Even a Stopped Clock is Right Twice a Day
CSPAN2 - Sen. Mary Landrieu (D) just said something I LIKE. The date is October 20, 2005, time is 6:15pm Central Time. Mark it down, people. This may never happen again.
She just said that she's going to be putting forth a bill that will defer mortgages for 6 months in the event of a serious disaster - be it a hurricane, terrorist attack, whatever. At the end of the 6 months you don't have to pony up the full amount - if you did, what would be the point? It's tacked on to the end of your mortgage. As a homeowner who was not in debt - we don't even have credit cards! - other than my husband's student loans, before Katrina, and now is very emphatically in debt to cover various daily life items and rebuilding costs, this sounds like a really fabulous idea.
However, I will spare a thought to Washington Mutual and its investors, and all the other mortgage companies. Can any of you financial gurus out there tell me if this will really hurt them, or will this be a minor blip to them? I love this idea because it will really bail us out of a bad situation, but I'm interested in opposing viewpoints if anyone has one.
Posted by Laura Curtis at October 20, 2005 06:31 PM
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|# October 20th, 2005 6:54 PM james|
|i can't say whether it will "hurt" a large company, but it will certainly affect their bottom line negatively - it's not getting money owed compared to getting the money as expected.
this proposed bill may also be an interference with the contract clause of the constitution - the government doesn't have the right to alter the terms of a legal contract entered into between 2 private entities.
that said, most mortgages in the US are owned or backed by the government anyway, thru fannie mae. i don't know how that changes things, but could see a few scenarios where it might.
my personal view is that this is not a good idea. at the least, it's an unamerican interference with private contracts. if not unconstitutional.
if the mechanics work out slightly differently, say that the bill specifies that the govt will pay the mortgage premiums to the lender and will wait for reimbursement, that's not different than me, as a taxpayer, underwriting an insurance policy.
the fact is, mortgage companies all offer insurance to cover certain situtations where you can't make your mortgage. i know that unemployment is one, and natural disaster may be another. why should i underwrite policies for those who refused to buy the insurance?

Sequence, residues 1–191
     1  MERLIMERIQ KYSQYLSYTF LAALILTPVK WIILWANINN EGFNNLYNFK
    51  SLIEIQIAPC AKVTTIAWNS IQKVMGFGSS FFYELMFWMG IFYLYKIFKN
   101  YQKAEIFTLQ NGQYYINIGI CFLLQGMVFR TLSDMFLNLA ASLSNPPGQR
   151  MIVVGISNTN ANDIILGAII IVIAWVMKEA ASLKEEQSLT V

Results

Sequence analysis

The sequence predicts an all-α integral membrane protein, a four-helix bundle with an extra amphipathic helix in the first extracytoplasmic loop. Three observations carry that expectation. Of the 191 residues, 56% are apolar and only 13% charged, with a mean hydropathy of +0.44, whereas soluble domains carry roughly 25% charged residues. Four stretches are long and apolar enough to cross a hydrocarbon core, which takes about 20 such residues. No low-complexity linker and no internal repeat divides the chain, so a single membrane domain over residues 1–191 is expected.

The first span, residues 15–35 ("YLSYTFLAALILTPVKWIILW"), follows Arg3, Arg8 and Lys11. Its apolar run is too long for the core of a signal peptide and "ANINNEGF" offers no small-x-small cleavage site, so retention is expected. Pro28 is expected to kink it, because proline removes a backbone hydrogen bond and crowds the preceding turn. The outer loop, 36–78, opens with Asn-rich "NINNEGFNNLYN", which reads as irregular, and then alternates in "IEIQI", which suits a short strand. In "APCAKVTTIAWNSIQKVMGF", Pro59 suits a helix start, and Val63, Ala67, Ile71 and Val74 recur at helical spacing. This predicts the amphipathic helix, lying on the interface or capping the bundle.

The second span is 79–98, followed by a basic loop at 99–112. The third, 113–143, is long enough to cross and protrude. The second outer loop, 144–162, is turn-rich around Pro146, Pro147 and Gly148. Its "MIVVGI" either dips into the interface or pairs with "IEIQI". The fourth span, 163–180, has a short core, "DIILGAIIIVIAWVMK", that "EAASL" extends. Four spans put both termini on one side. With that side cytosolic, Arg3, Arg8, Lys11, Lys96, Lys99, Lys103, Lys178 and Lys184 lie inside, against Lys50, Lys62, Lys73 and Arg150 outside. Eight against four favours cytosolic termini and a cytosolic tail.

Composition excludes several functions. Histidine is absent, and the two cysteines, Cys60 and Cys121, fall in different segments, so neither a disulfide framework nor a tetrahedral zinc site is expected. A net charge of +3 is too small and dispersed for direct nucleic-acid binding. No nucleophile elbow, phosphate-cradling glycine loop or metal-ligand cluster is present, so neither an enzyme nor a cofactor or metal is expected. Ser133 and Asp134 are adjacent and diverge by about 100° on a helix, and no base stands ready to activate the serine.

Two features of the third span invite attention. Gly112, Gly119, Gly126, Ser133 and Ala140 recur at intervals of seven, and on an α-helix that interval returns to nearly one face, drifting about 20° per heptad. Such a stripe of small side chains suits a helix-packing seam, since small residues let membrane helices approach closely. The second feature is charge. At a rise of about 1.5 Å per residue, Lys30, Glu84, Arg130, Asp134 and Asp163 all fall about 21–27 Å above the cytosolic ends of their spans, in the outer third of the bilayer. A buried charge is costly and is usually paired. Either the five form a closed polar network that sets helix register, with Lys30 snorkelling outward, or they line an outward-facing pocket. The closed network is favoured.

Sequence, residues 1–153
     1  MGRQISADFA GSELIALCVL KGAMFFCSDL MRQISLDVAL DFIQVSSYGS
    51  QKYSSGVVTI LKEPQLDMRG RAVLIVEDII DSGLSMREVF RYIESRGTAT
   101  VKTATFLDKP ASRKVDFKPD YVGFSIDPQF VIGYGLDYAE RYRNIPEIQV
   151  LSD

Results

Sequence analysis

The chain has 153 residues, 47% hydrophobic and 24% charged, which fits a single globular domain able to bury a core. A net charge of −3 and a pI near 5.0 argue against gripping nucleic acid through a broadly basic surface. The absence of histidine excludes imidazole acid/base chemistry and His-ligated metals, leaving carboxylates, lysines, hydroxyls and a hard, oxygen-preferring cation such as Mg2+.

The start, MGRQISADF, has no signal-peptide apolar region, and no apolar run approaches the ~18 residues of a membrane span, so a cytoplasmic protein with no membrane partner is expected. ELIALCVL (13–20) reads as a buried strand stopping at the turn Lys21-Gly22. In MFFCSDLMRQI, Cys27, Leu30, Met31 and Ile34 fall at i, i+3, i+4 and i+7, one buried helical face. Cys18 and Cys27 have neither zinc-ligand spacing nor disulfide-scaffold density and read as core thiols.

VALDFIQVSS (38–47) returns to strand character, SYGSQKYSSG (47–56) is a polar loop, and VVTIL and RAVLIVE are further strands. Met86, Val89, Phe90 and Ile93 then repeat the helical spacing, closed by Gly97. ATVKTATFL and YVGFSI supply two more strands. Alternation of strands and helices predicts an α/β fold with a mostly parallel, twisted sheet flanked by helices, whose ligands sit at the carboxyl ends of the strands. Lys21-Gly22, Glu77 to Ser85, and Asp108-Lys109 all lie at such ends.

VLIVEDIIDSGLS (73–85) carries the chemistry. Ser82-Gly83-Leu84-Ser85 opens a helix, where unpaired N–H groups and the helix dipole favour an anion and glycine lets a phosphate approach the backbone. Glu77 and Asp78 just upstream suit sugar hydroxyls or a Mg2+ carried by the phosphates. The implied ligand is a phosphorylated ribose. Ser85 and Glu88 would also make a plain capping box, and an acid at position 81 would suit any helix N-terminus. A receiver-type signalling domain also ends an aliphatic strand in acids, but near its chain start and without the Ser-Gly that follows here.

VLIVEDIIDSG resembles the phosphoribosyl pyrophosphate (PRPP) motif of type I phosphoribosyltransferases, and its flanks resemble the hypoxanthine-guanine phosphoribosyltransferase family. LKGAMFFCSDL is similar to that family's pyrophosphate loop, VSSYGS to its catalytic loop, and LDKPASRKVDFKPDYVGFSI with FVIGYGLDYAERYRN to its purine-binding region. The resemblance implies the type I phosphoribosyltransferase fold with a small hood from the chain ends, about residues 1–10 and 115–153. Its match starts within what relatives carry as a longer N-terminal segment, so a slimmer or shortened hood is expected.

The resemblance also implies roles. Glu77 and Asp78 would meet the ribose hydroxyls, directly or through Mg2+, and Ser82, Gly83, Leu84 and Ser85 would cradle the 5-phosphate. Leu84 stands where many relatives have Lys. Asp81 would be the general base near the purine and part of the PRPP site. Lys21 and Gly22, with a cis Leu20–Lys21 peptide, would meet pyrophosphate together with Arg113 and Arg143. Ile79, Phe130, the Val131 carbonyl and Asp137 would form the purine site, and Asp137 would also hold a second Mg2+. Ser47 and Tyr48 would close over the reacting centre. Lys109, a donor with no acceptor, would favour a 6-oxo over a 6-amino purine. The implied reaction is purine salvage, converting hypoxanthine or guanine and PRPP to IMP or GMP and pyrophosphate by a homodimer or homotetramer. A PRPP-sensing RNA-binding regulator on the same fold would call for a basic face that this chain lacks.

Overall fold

more importantly, what business does the government have driving these companies out of business by usurping their function?
|# October 20th, 2005 7:09 PM Laura|
|All good points. It's easy to get excited about a potential solution and overlook possible consequences. Your answer gives me plenty to think about.
I was not aware of insurance to cover mortgages - this is our first house, and frankly we were so overwhelmed with the process that I have no idea if we were offered that or not. Never occurred to me to ask our insurance agent about that, either. I know we have regular insurance and flood, but I think that's it.
|# October 21st, 2005 7:18 AM jagorham|
|I might be speaking out of the wrong orifice here, but one thing that might benefit financial companies under this scenario is the aging of their portfolios, and how it's perceived under regulations.
Speaking from personal experience, I once worked at a credit union. One of the things that NCUA was always on our case about (and deservedly so, given the actions of previous management) was how delinquent some loans were.
In the "six month deferral" scenario, it'd still be a current debt, not a delinquent one. That'd take the heat off the financial institution to collect something, come hell or high water (in the case of Katrina, both).
As far as them "not getting the money," that's irrelevent for the bottom line in the near term; they'd still accrue income from the loans, and increase the assets on their balance sheets (interest receivable).
Just my two cents.
|# October 21st, 2005 8:50 AM Laura|
|Frankly, I think this will pass if she puts it forward. From a political standpoint, they're going to make a whole lot of voters happy without raising the national debt, and it just sounds so good, helping the little guy with time, not a handout they can go buy a big screen TV with. No administrative fees for the government, etc.
I stand to gain a great deal if it passes, so I'm not exactly a disinterested party. But I do want to understand it better because if I need to call Landreiu's office and say I think it's a crappy idea, I will. Won't effect the outcome, but I like for her to know somebody's paying attention.
So aside from potential constitutional issues - which is like saying 'aside from that, Mrs. Lincoln, how was the play?' - jagorham, it sounds like this is not a completely terrible thing for the lenders.
My lender voluntarily deferred two months, as did the company we have our car loan with, which is why we were able to stay off of food stamps, etc. If they could voluntarily defer two, I wonder how bad 6 would be?